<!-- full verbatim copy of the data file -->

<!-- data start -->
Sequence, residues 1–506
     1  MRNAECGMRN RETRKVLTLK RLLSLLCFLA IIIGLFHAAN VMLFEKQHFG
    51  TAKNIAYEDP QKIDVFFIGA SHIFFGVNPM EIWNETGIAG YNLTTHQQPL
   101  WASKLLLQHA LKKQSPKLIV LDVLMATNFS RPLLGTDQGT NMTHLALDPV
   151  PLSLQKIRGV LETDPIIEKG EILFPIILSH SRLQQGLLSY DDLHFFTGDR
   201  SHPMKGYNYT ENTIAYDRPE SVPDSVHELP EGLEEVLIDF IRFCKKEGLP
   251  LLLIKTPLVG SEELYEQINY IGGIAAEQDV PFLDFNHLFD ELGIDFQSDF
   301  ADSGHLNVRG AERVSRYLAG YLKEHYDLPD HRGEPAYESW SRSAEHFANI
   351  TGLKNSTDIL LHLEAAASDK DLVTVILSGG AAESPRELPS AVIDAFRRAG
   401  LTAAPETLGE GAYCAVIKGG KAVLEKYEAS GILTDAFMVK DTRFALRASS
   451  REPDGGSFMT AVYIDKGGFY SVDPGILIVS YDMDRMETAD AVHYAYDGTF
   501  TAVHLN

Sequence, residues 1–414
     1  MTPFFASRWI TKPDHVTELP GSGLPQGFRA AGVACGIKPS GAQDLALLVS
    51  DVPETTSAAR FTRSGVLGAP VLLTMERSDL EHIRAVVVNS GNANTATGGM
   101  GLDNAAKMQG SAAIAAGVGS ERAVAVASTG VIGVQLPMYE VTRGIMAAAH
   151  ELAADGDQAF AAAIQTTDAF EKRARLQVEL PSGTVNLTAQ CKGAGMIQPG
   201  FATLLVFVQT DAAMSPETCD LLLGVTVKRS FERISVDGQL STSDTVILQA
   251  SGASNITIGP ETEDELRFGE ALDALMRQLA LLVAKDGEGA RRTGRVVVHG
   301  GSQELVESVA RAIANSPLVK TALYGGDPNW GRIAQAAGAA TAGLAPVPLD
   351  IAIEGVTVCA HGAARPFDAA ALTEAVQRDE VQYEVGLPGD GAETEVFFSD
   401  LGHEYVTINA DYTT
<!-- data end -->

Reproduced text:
Sequence, residues 1–506
     1  MRNAECGMRN RETRKVLTLK RLLSLLCFLA IIIGLFHAAN VMLFEKQHFG
    51  TAKNIAYEDP QKIDVFFIGA SHIFFGVNPM EIWNETGIAG YNLTTHQQPL
   101  WASKLLLQHA LKKQSPKLIV LDVLMATNFS RPLLGTDQGT NMTHLALDPV
   151  PLSLQKIRGV LETDPIIEKG EILFPIILSH SRLQQGLLSY DDLHFFTGDR
   201  SHPMKGYNYT ENTIAYDRPE SVPDSVHELP EGLEEVLIDF IRFCKKEGLP
   251  LLLIKTPLVG SEELYEQINY IGGIAAEQDV PFLDFNHLFD ELGIDFQSDF
   301  ADSGHLNVRG AERVSRYLAG YLKEHYDLPD HRGEPAYESW SRSAEHFANI
   351  TGLKNSTDIL LHLEAAASDK DLVTVILSGG AAESPRELPS AVIDAFRRAG
   401  LTAAPETLGE GAYCAVIKGG KAVLEKYEAS GILTDAFMVK DTRFALRASS
   451  REPDGGSFMT AVYIDKGGFY SVDPGILIVS YDMDRMETAD AVHYAYDGTF
   501  TAVHLN

Sequence, residues 1–414
     1  MTPFFASRWI TKPDHVTELP GSGLPQGFRA AGVACGIKPS GAQDLALLVS
    51  DVPETTSAAR FTRSGVLGAP VLLTMERSDL EHIRAVVVNS GNANTATGGM
   101  GLDNAAKMQG SAAIAAGVGS ERAVAVASTG VIGVQLPMYE VTRGIMAAAH
   151  ELAADGDQAF AAAIQTTDAF EKRARLQVEL PSGTVNLTAQ CKGAGMIQPG
   201  FATLLVFVQT DAAMSPETCD LLLGVTVKRS FERISVDGQL STSDTVILQA
   251  SGASNITIGP ETEDELRFGE ALDALMRQLA LLVAKDGEGA RRTGRVVVHG
   301  GSQELVESVA RAIANSPLVK TALYGGDPNW GRIAQAAGAA TAGLAPVPLD
   351  IAIEGVTVCA HGAARPFDAA ALTEAVQRDE VQYEVGLPGD GAETEVFFSD
   401  LGHEYVTINA DYTT